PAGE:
Continue reading 'In Your Neighborhood: Blue Hills (last round)'»
Chances are your December is already half-filled with obligatory office parties, family engagements, and such, but just in case you have downtime, here are ideas for things you can do in Hartford (mostly) on the cheap (mostly) every day.
- The Global Lens Film Series continues this month on Sundays at 2pm. Today’s film: The Parade. In Serbo-Croatian with English subtitles. This will be shown at the Wadsworth Atheneum. It is free, co-sponsored by the Hartford Public Library and Out Film CT.
- Take a free Intro to Water Color class at StudioN111. First come, first serve — so contact Nina to reserve your space for the 2-3pm class. The studio is located on Pratt Street. Continue reading 'December 2013 Events'»
There are events not included on this list because organizations have not released final details yet. That is to say, you have even more to choose from than what is posted here.
- Maybe it’s not the most exciting thing, but small business owners might benefit from a free morning workshop that teaches how to navigate and search for federal, state, and municipal bids. This means potentially freeing you up so that you have more time to spend on, well, those exciting things you’d rather be doing. The workshop begins at 9:30 and ends at noon. This will take place at the Entrepreneurial Center; register online.
- Let The Fire Burn begins screening at Real Art Ways. This documentary centers on the bombing of MOVE in Philly. Contact Real Art Ways for exact show times and ticket prices.
- Hannah Sims and Pedro Bermudez will be on hand for the launch of Hartford River Dreams, a film series. Screening begins at 7:30pm at the Carriage House Theater, 360 Farmington Avenue. $10 at door.
- The Witching Hour will be performed by the Ensemble of the Judy Dworin Performance Project. They describe this as follows: “The Witching Hour, an award-winning dance/theater piece, brings Connecticut’s 17th century witch craze to life through the untold stories of women who were accused, tried and convicted as witches. Bridging the gap between the 17th and 21st centuries, The Witching Hour lyrically and evocatively explores what happens in communities when difference becomes dangerous, and folk culture–as practiced by herbalists, midwives, women landowners, and indentured servants–clashes with Puritan hierarchical authority.” This begins at 7:30pm in the Wadsworth Atheneum. Ticket prices vary on this one.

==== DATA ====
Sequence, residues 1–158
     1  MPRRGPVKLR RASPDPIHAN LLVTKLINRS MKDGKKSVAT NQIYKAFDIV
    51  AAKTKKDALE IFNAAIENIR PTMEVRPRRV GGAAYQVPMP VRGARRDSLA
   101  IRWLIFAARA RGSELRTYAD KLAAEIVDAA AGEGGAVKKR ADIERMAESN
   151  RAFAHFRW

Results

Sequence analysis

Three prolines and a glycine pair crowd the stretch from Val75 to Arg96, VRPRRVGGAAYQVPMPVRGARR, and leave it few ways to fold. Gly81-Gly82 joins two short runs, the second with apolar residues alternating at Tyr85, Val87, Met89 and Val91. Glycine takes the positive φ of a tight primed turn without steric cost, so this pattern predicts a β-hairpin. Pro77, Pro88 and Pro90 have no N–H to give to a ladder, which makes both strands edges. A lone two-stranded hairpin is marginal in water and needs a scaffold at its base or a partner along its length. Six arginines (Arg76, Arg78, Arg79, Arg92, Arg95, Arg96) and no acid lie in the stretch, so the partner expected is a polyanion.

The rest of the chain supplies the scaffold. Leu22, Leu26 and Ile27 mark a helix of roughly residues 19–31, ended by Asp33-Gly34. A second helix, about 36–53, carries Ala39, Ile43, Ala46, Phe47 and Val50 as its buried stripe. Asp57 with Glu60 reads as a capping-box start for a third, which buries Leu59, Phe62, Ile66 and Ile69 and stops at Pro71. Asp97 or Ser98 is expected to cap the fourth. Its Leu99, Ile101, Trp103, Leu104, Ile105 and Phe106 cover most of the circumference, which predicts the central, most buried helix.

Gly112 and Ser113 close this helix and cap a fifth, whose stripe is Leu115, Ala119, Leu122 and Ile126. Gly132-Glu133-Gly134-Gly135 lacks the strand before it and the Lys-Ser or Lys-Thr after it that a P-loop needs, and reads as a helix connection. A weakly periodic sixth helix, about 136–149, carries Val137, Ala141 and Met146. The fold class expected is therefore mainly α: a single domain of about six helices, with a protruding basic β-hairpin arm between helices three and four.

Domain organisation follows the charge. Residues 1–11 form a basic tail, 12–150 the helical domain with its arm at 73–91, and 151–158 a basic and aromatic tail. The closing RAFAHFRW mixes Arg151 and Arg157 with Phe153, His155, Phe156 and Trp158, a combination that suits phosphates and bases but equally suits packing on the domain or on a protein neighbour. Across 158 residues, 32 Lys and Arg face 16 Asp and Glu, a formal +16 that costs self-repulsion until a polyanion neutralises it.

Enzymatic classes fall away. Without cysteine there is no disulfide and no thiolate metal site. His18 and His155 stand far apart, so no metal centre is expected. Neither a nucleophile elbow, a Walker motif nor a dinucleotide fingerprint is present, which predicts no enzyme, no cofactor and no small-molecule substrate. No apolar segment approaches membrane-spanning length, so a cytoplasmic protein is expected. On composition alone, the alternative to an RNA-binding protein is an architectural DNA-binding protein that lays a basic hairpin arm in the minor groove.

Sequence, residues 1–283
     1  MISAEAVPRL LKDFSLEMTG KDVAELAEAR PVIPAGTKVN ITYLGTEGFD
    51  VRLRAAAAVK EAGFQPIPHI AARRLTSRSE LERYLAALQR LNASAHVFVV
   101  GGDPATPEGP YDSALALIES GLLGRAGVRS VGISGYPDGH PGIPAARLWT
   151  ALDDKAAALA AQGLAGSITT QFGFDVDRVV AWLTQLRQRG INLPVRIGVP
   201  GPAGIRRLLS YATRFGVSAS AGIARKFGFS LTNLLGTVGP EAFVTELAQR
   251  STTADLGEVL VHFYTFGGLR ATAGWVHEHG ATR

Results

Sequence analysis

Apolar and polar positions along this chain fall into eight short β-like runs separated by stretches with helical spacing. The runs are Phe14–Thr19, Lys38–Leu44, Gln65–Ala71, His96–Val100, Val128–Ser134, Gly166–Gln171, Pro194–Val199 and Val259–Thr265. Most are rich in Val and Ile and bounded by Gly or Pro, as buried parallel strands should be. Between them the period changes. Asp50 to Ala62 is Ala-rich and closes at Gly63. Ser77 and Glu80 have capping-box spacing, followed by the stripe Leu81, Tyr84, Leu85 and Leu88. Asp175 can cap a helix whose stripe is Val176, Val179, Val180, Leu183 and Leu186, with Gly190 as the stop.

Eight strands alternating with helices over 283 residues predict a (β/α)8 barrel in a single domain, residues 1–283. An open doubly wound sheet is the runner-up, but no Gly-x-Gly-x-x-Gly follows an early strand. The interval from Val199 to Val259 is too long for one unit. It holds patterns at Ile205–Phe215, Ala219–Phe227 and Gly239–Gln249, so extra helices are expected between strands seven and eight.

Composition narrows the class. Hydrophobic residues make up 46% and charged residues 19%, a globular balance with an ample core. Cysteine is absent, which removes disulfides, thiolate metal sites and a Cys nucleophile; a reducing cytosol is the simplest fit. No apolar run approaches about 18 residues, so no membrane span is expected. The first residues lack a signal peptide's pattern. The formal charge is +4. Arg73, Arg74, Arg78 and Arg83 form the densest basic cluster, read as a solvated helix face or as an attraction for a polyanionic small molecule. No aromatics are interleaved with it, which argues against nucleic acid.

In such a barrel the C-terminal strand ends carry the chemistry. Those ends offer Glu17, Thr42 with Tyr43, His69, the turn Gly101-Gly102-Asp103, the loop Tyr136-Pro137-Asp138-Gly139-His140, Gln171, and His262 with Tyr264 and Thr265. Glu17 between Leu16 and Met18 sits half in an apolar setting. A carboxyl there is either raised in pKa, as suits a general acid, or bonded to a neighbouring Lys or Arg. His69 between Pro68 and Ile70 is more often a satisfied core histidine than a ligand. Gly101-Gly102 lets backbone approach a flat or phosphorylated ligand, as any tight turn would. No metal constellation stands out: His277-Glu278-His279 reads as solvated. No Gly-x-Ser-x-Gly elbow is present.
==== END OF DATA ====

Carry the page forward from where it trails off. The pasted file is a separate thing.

- On the first Friday of each month, the Kabbalah House hosts a free, all-ages open mic from 9pm-1am. The Kabbalah House is located at 1023 Albany Avenue.
- Another option for the grown folks: Pontani Sisters Burlesque-a-pades at Black-Eyed Sally’s. Contact the venue for ticket info. Performance begins at 9pm.
- Free admission to the museum galleries at the Connecticut Historical Society today from 9-5. There will be activities for children including a visit by storyteller Sharon Lynch (1-2pm). Check out Through a Different Lens: Three Connecticut Women Photographers and photography contest entries while you are here.
- Learn about Women and Mass Incarceration in the Youth Program Room at the Hartford Public Library today at 1pm. Beatrice Codianni, a former member of the Latin Kings, and Dr. Sandra Enos, an Associate Professor of Sociology at Bryant University, will be the featured speakers.
- At 7pm the Avodah Dance Ensemble will be performing A Way In, exploring themes of beauty, truth, love, and God. Ticket prices vary for this event at the Charter Oak Cultural Center.
- Celebrate two years of the Dirt Salon at the Dirt Flirt from 7:30-11:30 this evening. Ada Pasternak & Milksop-Unsung will be providing the music. Several artists’ works will be on display. The Night Fall skeleton dance will be performed. This is a pay-what-you-can event. The Dirt Salon is located at 50 Bartholomew Avenue. Continue reading 'November 2013 Events'»